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Egypt security forces raid office of Mada Masr, 'last independent news outlet', following editor's arrest

Mada Masr's website is banned in Egypt [Getty]

Date of publication: 24 November, 2019

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The raid came a day after Mada Masr editor Shady Zalat was arrested by Egyptian security forces.
Egyptian security forces raided the office of what is widely described as the country's last independent news outlet on Sunday, Mada Masr said.

Five journalists, two of them foreign nationals, were taken into custody.

The raid marked the latest attack on press freedom in Egypt and came a day after security forces detained one of Mada Masr's editors.

Founded in 2013, Mada Masr is perhaps the only remaining outlet in the country critical of President Abdel Fattah al-Sisi, who seized power in a coup that year.

"Plainclothes security forces have raided Mada Masr's office in Cairo," the outlet said on its official Twitter account.

"Staff are currently being held inside, and their phones have been switched off," it added. Human rights lawyers and other advocates including Egyptian author Ahdaf Soueif were denied access to the office during the raid.

It was not until three hours later that journalists within the website's Cairo office were able to communicate with the outside world.

"We have just gotten our phones and laptops back. Security forces left," it said in a tweet at around 4:45 local time, explaining that security forces who refused to identify themselves had entered the office "by force".

"They then gathered everyone's ID cards and made people sit in containment in the newsroom. They wrote down everybody's details, and asked some people in the office to unlock their phones and laptops," Mada Masr said. 

Five of the websites's journalists had been detained, the website added.

Among those detained are Editor-in-Chief Lina Attallah and journalists Mohamed Hamama and Rana Mamdouh, who have reportedly been referred to the prosecution.

Ian Louie and Emma Scolding, both foreign nationals, were removed from the office seperately. 

"Overhead they were being taken to their homes to get their passports," Mada Masr said. "Might be deported."

Also questioned by security forces were two reporters working for France24, present at the website's office to interview Attallah about the recent arrest of one of the outlet's editors.

Journalist Sharif Kouddous, a dual US-Egyptian national, was also said to be inside the building at the time of the raid, but has not been reported to be detained.

Editor detained after critical report


The raid came a day after the sudden arrest of editor Shady Zalat.

The Egyptian journalist was taken from his home early on Saturday morning by plain-clothes security forces who "did not identify themselves or present an arrest warrant", the website said in a statement on Saturday.

"The officers detained Shady, confiscating his laptop, as well as his wife's, and taking a number of documents related to his work," it added.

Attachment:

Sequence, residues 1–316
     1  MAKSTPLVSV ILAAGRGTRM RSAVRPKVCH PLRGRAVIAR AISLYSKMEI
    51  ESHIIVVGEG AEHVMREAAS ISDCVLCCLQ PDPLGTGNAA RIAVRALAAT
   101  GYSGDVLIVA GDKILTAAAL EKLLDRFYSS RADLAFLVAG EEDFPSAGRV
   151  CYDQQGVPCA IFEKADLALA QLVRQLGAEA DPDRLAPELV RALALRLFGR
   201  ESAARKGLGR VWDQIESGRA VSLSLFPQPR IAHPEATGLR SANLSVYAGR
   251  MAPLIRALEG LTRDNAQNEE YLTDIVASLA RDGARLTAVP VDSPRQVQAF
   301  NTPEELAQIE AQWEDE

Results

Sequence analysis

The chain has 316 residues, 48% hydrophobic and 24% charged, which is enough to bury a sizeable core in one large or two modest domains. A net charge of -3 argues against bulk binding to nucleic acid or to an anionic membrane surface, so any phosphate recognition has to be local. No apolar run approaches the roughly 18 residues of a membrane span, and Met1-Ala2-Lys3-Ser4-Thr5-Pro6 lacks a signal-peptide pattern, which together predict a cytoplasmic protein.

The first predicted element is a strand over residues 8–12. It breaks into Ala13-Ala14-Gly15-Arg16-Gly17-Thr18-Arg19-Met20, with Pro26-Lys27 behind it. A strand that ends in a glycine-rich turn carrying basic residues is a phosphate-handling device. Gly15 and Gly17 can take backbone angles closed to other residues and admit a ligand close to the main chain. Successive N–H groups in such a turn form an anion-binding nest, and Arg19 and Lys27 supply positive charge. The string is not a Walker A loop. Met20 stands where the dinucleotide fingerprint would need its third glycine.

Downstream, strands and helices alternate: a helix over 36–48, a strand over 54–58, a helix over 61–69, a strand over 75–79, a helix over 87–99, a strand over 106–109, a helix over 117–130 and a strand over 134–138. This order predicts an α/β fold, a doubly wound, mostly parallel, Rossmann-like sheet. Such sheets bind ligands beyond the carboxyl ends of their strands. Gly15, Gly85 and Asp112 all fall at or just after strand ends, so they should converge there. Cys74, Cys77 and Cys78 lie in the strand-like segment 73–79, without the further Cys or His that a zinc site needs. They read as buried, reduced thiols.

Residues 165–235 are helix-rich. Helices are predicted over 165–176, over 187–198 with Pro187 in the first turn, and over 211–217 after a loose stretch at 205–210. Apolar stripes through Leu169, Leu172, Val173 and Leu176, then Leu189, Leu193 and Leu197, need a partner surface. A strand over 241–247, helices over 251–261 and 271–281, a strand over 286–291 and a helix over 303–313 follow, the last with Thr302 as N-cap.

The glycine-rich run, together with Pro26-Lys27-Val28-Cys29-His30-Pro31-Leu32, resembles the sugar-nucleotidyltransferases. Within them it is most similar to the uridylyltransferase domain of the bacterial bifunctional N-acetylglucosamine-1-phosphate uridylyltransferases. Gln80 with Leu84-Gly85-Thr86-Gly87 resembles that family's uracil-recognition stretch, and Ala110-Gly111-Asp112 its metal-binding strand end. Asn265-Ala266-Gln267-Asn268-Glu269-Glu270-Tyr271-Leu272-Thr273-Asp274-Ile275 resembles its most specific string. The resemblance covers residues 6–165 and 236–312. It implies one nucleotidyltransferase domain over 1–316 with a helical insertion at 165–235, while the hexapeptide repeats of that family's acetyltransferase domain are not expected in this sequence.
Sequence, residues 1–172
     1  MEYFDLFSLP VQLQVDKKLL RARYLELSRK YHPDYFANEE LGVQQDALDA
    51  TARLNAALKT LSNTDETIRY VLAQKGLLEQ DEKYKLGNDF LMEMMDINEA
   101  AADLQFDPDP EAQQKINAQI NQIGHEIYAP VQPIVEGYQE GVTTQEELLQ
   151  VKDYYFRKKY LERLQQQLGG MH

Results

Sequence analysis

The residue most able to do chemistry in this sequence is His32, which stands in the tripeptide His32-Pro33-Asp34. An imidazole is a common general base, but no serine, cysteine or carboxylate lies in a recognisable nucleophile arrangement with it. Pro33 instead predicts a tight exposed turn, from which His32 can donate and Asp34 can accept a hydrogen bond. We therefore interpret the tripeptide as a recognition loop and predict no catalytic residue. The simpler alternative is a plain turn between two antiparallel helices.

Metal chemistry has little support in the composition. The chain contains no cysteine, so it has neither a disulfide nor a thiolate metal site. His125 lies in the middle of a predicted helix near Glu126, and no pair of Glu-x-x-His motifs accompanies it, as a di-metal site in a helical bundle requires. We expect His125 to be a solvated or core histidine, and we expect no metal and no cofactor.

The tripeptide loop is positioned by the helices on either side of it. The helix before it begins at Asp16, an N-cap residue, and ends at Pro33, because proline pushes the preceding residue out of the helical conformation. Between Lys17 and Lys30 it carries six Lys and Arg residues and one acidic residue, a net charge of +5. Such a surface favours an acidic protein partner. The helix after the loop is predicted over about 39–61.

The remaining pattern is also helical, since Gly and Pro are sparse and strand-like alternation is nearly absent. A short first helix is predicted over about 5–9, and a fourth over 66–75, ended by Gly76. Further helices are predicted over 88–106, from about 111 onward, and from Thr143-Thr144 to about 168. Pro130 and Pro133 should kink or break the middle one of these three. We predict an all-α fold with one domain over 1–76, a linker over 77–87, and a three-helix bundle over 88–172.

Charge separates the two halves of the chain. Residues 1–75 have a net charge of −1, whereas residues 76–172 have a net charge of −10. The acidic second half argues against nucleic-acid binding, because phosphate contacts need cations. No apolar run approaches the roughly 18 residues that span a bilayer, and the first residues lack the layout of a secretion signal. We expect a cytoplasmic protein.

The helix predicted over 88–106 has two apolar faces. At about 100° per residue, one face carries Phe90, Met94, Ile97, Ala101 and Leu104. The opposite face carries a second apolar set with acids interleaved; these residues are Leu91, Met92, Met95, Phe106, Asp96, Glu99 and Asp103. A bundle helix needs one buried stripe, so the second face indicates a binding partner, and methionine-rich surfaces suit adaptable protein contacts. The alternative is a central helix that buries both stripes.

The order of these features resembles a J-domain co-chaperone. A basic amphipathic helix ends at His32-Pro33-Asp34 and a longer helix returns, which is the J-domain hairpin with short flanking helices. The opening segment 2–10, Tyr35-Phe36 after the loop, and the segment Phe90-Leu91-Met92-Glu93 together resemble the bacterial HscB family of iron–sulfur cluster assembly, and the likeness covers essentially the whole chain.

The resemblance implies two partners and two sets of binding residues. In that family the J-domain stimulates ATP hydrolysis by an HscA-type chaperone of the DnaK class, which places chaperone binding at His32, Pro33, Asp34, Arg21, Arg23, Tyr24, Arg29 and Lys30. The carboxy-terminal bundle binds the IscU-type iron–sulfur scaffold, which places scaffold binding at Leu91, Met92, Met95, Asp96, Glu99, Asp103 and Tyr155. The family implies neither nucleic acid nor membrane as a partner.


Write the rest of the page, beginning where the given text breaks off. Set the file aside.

The website's lawyer said later on Saturday it was unclear where the journalist was being held.

"Shady's detention is not legal," Hassan al-Azhari said in a statement published by Mada Masr. "He hasn't yet been referred to an investigative authority yet, a delay that is a common practice used by authorities in Egypt in targeting journalists and others."

Activists have speculated that Zalat's arrest and Sunday's raid may be connected to a report critical of Sisi's son published by the site earlier this week.

The article alleged the Egyptian president's son, Mahmoud al-Sisi, had been sidelined for failing to manage his responsibilities as a senior intelligence official.

Instead of remaining in Cairo, Mahmoud Sisi will move to Egypt's diplomatic mission in the Russian capital Moscow, the report said, citing unnamed Egyptian and Emirati sources.

Speaking to Mada Masr, one intelligence official said the president's son had been blamed for mishandling a series of corruption allegations thrown against Sisi and the military in September. The accusations of endemic misappropriation of public funds by former military contracted Mohamed Ali resulted in weeks of unprecedented protests against Sisi.

Egypt is one of the world's worst offenders against press freedom, according to the Tahrir Institute for Middle East Policy.

The government has targeted independent media, banning more than 500 websites, including The New Arab and Mada Masr, and brought much of the press under state control. 

While Mada Masr's main site is banned in Egypt, residents of the country have until now been able to gain access to the website through mirror websites or a Virtual Private Network (VPN).

At least 25 journalists are imprisoned in Egypt, according to the Committee to Protect Journalists (CPJ). At least seven journalists were detained during the September protests against President Sisi, CPJ added.

"We are often asked how we're still able to work through the years of crackdown and pressure that have forced most media into closure or clear alignment with those in power," Attallah said in a statement on Saturday evening.

"Journalists have no protection other than the integrity of their work and the value that others place in it. We are all in danger, and if we do not stand up, we will all be their prisoners. As Shady's colleagues, our only option now is to fight for his safety and for our ability to continue to do our jobs."

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